Amid increased security breaches and financial crime at incumbent banks, security has become a paramount concern for these organizations. However, it’s rapidly becoming clear that banks won’t be able to shore up their defenses until they tackle the vulnerabilities caused by outdated technology.
Ever-evolving financial crime methods are the single biggest concern for UK banks, at 44%, according to a new survey of 168 UK banking members by LexisNexis and the British Banking Association (BBA). At the same time, the study found, 92% of respondents are concerned that their organizations’ legacy technology will become an obstacle to combating financial crime in the next one to two years. This means that only 39% of banks feel ready to protect themselves against criminal threats specific to cybercrime.
Respondents cited specific technological obstacles to fighting financial crime caused by legacy systems:
- 41% of respondents said they’re worried their legacy systems can’t respond in a timely manner to new forms of financial crime as they arise. This is probably because most banking systems in the UK were installed between 25 and 40 years ago, and are highly inefficient at processing data in real time. In addition, these systems were designed to deal with much smaller data volumes.
- Moreover, 53% of respondents said they were frustrated by the difficulty of transferring data between their multiple, disconnected systems. This is likely down to the siloed nature of current systems, which segregate data according to specific banking divisions, making it hard to derive a higher-level picture of many factors including the bank’s own risk profile.
An inability to fight financial crime is just one side effect of a more fundamental problem for banks. In a digital economy increasingly centered on data handling, dealing effectively with financial crime means being able to analyze data accurately, and in real time, to garner actionable insights. However, even in the face of such high concern about inadequate financial crime defenses, only a small number of banks have begun the process of replacing their legacy technology with new systems designed for a modern banking environment. Most banks have been deterred due to the expense, duration, and operational risk such overhauls entail. As cybercrime becomes more sophisticated, banks will have to make a call about whether continuity or the security of their systems is a higher priority in the long term.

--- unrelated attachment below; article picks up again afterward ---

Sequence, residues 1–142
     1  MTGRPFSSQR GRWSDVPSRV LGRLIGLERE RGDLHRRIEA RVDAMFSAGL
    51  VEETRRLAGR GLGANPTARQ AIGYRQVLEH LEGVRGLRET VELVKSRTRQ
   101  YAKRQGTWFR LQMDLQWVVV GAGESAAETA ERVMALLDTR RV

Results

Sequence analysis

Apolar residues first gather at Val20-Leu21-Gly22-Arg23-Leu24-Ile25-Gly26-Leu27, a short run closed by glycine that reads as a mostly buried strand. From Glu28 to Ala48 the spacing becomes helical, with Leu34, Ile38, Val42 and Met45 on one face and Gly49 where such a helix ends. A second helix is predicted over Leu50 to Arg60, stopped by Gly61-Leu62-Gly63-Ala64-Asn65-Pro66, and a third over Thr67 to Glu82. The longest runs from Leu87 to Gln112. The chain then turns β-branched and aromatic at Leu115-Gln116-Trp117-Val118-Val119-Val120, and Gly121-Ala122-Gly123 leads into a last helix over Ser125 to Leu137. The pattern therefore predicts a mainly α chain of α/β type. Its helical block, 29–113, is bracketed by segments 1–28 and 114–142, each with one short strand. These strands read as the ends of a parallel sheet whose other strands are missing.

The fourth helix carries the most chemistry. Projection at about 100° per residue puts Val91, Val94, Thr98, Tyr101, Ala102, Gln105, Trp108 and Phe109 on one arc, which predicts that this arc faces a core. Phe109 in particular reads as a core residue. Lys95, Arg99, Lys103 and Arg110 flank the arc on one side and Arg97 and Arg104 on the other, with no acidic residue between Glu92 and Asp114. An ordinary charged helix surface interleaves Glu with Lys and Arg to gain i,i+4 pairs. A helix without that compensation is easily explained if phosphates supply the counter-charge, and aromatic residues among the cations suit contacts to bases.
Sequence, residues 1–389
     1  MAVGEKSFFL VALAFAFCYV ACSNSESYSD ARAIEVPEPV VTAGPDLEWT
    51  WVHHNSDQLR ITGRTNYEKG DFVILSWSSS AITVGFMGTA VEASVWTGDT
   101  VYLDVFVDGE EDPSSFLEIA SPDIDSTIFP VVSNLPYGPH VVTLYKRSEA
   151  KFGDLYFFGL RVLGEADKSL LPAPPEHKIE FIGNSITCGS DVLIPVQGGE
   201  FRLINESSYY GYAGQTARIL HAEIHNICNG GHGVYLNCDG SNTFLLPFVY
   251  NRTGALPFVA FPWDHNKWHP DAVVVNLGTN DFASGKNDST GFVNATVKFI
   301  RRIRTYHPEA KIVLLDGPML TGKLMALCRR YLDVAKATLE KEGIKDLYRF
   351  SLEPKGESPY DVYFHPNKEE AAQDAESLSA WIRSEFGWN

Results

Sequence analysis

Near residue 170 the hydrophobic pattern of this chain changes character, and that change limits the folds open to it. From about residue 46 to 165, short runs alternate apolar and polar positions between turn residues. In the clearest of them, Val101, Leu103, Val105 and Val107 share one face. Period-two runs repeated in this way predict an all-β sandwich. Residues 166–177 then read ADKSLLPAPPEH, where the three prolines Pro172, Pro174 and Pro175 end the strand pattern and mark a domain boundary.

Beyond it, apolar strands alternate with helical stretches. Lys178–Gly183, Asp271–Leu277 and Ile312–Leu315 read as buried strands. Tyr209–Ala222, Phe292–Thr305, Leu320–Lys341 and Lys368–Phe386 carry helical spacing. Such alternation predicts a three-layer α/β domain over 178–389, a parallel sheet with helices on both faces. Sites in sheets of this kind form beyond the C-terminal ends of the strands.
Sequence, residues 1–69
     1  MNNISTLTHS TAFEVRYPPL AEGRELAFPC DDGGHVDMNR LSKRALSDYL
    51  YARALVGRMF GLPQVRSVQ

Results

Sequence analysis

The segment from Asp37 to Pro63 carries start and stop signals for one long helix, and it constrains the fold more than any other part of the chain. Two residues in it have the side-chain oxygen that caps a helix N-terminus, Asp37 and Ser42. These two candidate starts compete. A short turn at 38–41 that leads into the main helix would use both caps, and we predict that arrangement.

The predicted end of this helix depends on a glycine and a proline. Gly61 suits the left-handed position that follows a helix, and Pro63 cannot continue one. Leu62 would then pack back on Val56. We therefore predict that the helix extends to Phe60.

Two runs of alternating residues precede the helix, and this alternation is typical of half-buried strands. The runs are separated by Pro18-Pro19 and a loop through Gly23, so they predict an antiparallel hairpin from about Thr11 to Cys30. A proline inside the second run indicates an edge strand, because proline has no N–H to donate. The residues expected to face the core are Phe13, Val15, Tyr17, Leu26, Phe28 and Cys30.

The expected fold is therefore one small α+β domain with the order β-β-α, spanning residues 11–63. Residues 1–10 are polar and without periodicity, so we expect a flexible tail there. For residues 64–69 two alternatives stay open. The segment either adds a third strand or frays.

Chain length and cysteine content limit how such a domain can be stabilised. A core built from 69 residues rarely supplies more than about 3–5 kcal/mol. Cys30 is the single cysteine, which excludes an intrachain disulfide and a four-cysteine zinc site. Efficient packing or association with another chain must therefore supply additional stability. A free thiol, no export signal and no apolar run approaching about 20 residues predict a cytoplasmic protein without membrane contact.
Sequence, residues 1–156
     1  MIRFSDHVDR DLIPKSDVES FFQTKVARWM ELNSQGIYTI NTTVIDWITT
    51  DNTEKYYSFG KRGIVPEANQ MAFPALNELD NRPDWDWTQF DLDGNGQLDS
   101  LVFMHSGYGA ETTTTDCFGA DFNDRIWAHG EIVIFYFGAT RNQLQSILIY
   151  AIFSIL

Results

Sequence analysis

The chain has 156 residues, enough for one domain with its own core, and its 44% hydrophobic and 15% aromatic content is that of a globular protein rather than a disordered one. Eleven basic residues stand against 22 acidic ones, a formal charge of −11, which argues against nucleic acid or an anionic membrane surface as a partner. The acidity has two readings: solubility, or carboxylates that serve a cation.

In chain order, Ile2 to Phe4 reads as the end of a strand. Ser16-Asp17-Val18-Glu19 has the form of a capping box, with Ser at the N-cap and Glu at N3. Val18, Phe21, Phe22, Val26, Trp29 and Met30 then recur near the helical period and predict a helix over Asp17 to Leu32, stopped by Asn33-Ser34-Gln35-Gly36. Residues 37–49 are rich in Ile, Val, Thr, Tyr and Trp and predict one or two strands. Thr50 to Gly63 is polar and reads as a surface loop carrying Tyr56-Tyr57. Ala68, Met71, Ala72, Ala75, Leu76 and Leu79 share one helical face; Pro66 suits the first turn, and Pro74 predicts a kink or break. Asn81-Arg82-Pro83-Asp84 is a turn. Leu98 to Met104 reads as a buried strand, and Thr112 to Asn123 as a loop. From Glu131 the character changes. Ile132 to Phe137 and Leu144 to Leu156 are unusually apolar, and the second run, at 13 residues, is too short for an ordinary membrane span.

Open banking is the democratization of access to data previously exclusively owned by legacy financial institutions.
The open banking trend is being driven by a number of factors and will ultimately become the norm. That means retail banks need to rethink their business and operational models if they want to maintain the positions of dominance in the financial ecosystem.
Sarah Kocianski, senior research analyst for BI Intelligence, Business Insider’s premium research service, has compiled a detailed report on open banking that explores the drivers behind open banking in detail, outlines the options for banks as they look to update their business and operational models, and explains the likely potential winners and losers of open banking.
Here are some of the key takeaways from the report:
- Open banking is most often facilitated by a technology known as Application Program Interfaces (APIs) which have enabled the business models and success of some of the most well known startups of recent times.
- There are a number of drivers behind the open banking trend, the most obvious of which is regulation that forces banks to give customers access to their data, or enable permissioned third parties to access their data.
- Banks adopting open banking are taking a number of different approaches, from just taking the necessary steps to comply with regulation, to actively embracing the concept in an effort to maintain their retail banking dominance.
- Banks are using different models of open banking, including app stores and sandboxes. Which model, or combination of models, a bank adopts depends on its priorities and the drivers it finds most imperative.
- Open banking will have a significant impact on fintechs. With access to banks’ systems and vast data stores, fintechs will be able to provide more personalized products, while operating with greater autonomy. However, open banking will also increase fintechs’ regulatory and cybersecurity burdens.
In full, the report:
- Explains the concept and mechanics of open banking.
- Outlines the drivers behind its increasing adoption by global retail banks.
- Highlights the different approaches banks are taking to open banking, and explores the advantages and disadvantages of each.
- Explores the future of open banking, including its impact on fintechs.
Jameson White is a millennial attorney, law professor, entrepreneur, writer, and speaker on privacy, cybersecurity, A.I., AR/VR, blockchain, and digital monies. He has written for many outlets, and contributed to cybersecurity and technology publications.